• Hixbot - Monday, October 09, 2017 - link

    I'm tired of hearing this. what you are suggesting is ignorance.
    Intel had loads of time to R&D, yes designs take years, but they've had those years to design coffe lake with 4 cores, with 8 cores. They design and design, they could have designed a sandy bridge as 8 core and not released it. You think they need to take years to respond to a competitive push. Let me tell you, they can design all sorts of options "years in advance" and only bring to market what they choose. So if it weren't for Zen, we might be staring at a 4 core (max) coffee lake. OMG it's hilarious to see this "design takes years" argument. They can and do take years to design all sorts of potential processors, they can then choose what to bring to market in a much shorter time.
    Reply
  • Arbie - Wednesday, September 27, 2017 - link

    For what? Some small and very expensive ST performance increase? Consider what AMD has done for us in reigniting competition and moving the tech envelope forward. Think what that took, and whether they could possibly do it again. Anyone who doesn't absolutely have to buy Intel this time around should give the nod to AMD. They've earned it, where Intel has not. Really, the tech is almost equal and in most regards AMD gives you more for the dollar. If we as consumers don't respond to that, vigorously, they may give up. How would you like an Intel-only future? Reply
  • Nagorak - Thursday, September 28, 2017 - link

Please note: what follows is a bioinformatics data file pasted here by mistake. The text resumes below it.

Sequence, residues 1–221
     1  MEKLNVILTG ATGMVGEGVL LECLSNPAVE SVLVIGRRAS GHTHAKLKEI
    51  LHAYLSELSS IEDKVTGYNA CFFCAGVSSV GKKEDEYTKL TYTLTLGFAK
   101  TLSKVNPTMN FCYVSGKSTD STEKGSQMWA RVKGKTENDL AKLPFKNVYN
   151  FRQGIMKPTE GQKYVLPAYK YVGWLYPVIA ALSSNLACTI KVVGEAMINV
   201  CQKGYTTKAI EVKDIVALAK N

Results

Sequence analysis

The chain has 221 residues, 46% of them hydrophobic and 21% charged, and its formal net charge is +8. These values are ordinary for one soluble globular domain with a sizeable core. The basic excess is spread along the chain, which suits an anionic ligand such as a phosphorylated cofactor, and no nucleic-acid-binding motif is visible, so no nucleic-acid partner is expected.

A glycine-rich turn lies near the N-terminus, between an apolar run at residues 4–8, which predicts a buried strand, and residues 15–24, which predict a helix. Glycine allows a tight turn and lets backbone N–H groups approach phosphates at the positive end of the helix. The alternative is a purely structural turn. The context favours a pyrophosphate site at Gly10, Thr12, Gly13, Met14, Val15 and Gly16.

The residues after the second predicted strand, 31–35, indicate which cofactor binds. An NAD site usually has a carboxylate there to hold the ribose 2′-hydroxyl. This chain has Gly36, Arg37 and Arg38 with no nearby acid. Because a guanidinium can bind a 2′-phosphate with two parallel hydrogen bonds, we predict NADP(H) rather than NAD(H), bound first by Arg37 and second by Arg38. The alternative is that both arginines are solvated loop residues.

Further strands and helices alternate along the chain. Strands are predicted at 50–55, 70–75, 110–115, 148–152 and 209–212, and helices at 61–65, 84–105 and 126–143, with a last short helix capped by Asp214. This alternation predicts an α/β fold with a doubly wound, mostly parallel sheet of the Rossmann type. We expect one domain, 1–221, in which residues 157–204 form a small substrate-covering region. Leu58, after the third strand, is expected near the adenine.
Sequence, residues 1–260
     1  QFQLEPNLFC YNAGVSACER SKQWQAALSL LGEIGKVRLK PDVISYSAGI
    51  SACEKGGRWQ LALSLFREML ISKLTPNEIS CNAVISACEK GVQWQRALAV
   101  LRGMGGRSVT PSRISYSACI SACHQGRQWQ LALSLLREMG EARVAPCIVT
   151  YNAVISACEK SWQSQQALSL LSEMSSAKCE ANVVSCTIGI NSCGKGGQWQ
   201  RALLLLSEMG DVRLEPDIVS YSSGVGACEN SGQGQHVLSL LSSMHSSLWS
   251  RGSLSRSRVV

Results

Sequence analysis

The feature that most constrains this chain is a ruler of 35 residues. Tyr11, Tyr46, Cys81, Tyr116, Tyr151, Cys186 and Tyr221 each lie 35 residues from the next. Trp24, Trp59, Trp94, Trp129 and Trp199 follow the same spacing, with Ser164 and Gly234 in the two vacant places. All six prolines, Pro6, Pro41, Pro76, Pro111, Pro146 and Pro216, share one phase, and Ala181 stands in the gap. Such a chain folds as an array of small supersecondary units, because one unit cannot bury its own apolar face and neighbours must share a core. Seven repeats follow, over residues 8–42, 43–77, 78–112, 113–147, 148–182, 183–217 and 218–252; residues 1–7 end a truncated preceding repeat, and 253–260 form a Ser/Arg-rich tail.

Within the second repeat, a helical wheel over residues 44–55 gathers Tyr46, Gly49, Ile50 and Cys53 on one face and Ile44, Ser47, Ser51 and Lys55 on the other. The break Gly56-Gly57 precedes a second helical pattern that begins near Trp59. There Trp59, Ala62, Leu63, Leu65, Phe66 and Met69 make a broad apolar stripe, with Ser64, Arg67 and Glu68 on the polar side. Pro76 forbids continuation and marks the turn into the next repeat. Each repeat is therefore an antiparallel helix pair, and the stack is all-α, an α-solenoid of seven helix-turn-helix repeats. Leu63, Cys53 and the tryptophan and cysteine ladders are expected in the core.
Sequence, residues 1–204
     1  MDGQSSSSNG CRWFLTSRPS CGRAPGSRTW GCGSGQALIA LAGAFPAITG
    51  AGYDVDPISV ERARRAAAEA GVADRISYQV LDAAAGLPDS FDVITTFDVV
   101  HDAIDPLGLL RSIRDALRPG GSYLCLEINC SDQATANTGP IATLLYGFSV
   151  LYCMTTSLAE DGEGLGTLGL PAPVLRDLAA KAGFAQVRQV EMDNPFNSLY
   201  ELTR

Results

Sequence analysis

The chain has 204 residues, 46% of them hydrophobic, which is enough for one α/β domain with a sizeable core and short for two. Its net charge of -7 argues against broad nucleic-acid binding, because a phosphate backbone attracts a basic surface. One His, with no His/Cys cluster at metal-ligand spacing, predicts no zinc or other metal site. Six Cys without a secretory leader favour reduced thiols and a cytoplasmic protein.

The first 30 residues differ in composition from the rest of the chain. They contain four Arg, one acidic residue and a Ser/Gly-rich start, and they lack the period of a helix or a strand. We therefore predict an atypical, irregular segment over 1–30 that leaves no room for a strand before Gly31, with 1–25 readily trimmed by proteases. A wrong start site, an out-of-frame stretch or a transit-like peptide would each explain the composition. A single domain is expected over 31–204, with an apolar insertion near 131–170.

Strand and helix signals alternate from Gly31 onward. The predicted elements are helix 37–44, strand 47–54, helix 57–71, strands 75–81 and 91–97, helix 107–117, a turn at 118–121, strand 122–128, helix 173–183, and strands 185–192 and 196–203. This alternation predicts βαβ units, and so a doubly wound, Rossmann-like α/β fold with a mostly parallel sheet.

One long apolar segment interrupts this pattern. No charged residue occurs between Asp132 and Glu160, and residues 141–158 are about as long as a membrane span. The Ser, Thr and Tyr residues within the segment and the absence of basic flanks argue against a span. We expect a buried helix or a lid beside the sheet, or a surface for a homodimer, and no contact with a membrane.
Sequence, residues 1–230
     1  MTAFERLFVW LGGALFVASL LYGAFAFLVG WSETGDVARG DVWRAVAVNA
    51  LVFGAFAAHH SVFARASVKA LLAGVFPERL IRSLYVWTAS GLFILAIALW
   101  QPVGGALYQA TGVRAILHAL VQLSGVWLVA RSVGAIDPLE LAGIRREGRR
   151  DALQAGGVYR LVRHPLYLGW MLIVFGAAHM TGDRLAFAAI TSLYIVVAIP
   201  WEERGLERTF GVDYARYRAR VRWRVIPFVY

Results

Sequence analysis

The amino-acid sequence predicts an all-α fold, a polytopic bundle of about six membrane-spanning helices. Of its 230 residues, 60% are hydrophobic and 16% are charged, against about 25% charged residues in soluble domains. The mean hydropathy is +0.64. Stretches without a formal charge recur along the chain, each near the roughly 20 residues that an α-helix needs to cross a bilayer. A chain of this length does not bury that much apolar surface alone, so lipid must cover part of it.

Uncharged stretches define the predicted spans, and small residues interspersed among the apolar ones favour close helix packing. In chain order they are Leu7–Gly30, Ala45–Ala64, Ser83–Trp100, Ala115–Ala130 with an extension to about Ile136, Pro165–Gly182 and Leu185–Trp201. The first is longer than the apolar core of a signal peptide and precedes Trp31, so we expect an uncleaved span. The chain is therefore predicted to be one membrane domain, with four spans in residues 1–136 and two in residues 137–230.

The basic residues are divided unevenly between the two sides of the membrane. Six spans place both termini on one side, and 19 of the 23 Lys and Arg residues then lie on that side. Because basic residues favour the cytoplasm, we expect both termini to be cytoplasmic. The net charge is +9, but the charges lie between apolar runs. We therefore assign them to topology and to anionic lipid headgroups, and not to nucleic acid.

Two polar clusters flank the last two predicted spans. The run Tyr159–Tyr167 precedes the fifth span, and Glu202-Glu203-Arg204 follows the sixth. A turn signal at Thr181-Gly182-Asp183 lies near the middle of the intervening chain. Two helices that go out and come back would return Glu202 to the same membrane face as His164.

Plenty of other tests have shown significant scaling. This is with loose subtimings. You can get even more performance from tight subtimings on top of faster memory speed. Remember Ryzen was only about 8% slower clock for clock than Kaby Lake. Faster memory speeds make up most of that difference, albeit Ryzen can't run at such high frequency as KL. Reply
  • notashill - Wednesday, September 27, 2017 - link

    I'm curious if the higher clocked parts scale any better, presumably they were spending more time waiting on memory in the first place. The tests were done with a 1700, 1800X has 20% higher all-core clock. Reply
  • willis936 - Wednesday, September 27, 2017 - link

    It would seem that 2 channels of DDR4 is not enough to keep 8 cores fed. It will be interesting to see if it's enough to keep 6 cores fed on coffee lake since intel's memory subsystem is higher performance but they also have higher single threaded performance (and may need more memory throughput as a result). Reply
  • sor - Wednesday, September 27, 2017 - link

    “AGESA 1.0.0.6 BIOS updates were introduced several weeks ago”

    Shouldn’t that be several *months* ago, or was there some more recent AGESA release from the one being discussed in April/May?
    Reply